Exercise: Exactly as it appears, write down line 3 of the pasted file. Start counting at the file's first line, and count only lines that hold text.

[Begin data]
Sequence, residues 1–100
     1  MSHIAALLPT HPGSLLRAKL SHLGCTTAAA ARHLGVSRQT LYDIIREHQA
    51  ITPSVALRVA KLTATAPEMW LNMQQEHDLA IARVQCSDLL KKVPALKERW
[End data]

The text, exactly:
    51  ITPSVALRVA KLTATAPEMW LNMQQEHDLA IARVQCSDLL KKVPALKERW